Free Wi-Fi at McDonald's Part of Trend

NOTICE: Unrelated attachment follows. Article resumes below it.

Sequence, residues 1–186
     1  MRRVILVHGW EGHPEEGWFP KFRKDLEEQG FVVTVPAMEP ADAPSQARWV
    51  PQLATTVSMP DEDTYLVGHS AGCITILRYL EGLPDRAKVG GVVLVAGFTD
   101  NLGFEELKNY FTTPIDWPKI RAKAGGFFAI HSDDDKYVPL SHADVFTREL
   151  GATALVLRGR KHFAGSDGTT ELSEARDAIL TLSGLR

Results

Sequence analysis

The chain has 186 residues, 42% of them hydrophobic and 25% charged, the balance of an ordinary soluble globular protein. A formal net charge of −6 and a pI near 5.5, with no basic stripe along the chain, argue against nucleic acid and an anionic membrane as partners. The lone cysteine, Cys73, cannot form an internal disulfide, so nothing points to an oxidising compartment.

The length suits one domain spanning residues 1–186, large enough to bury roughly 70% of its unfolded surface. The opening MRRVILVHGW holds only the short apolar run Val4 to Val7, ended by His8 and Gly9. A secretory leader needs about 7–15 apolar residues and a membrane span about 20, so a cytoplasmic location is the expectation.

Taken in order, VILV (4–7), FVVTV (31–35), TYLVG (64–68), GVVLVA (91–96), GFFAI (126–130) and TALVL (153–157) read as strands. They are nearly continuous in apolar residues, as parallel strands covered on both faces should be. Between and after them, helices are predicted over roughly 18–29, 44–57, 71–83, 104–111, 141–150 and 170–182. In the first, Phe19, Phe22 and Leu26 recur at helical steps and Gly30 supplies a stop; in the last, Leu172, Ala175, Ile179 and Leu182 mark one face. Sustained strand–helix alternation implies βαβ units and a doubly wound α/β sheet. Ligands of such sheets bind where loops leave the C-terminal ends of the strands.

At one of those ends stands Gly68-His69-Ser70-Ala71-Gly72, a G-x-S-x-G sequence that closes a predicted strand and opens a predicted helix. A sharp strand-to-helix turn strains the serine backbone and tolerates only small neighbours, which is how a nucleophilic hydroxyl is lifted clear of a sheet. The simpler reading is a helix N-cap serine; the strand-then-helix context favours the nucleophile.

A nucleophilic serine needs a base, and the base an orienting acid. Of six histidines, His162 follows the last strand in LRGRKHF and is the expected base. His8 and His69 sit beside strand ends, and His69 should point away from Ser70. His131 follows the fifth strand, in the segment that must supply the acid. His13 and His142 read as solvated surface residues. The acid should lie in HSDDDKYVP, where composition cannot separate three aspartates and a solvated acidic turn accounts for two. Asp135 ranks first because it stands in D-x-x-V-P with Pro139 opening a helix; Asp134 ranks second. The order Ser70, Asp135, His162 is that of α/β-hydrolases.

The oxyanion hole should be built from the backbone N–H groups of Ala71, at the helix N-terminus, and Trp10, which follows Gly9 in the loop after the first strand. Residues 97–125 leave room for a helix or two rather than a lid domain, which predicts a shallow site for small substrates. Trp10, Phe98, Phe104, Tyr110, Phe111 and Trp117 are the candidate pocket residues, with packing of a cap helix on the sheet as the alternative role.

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“Want Wi-Fi with that?” No, the counter help at Golden Arches won’t actually be asking that—but McDonald's has announced plans that will make it one of the leading providers of free Wi-Fi hotpots in the country. "Beginning mid-January 2010, more than 11,000 McDonald’s U.S. restaurants will offer free Wi-Fi to customers,” announced Dave Grooms, chief information officer for McDonald’s USA. Grooms added that it is all part of an effort “to ensure we're providing our customers with the best possible service, convenience and value." Previously, the going rate at a McDonalds was $2.95 for a two-hour internet-surfing session. Free trend There’s a lot more to the move than a desire to offer service, convenience, and value, indicated Jack Gold, computer industry analyst and head of J. Gold Associates in Northborough, Mass. “It’s a trend you’re going to be seeing a lot more of.” The primary reason behind the move to free Wi-Fi is competition—a lot of smaller restaurants and chains are doing it, especially the Panera Bread chain, which has nearly 1,400 outlets, Gold noted. “The handwriting is on the wall—in this economy they need to attract more and more people, and they have realized that providing Wi-Fi costs practically nothing,” Gold noted. The necessary wireless router and Internet connection probably only cost each outlet a few dollars per day, so selling a few extra cups of coffee will cover the cost, he noted. Plus, making the service free eliminates the cost of the billing infrastructure. “Also, fewer and fewer customers are willing to pay for Wi-Fi, since so many have cell phones, or iPhones, or laptops with 3G wireless cards,” Gold added. Dark side? Abuse has not proven to be a problem with restaurants offering free Wi-Fi, since anyone wanting to send out spam would prefer—and should have no trouble finding—Internet access with higher bandwidth, Gold added. Most restaurants that make the move to Wi-Fi install a basic 11-megabit unit, he said. “Yes, you could park in the parking lot all night and use it, but someone would probably notice you,” Gold said. Freedom spreading Offering free Wi-Fi has become something of a grass roots movement in certain parts of the country. Gold said that that you can find as many as 50 hotspots at any random location in San Francisco, many of them freely accessible. McDonald's figures that its 11,000 outlets with Wi-Fi account for 16 percent of all public Wi-Fi hotspots in the U.S. Still holding out, however, is Starbucks, which has about 11,000 outlets and offers Wi-Fi in about 7,000 of them. Customers who buy a $25-per-year Starbucks Gold Card get two hours of free Wi-Fi daily. Otherwise, two hours costs $3.99.

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